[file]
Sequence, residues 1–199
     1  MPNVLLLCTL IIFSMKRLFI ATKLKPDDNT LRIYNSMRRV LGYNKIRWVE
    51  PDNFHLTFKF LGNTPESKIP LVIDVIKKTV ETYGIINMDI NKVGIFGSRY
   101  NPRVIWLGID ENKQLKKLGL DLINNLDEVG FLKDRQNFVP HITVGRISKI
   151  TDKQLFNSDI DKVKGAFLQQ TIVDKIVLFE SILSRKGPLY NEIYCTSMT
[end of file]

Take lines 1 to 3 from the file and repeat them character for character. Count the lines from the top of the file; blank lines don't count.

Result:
Sequence, residues 1–199
     1  MPNVLLLCTL IIFSMKRLFI ATKLKPDDNT LRIYNSMRRV LGYNKIRWVE
    51  PDNFHLTFKF LGNTPESKIP LVIDVIKKTV ETYGIINMDI NKVGIFGSRY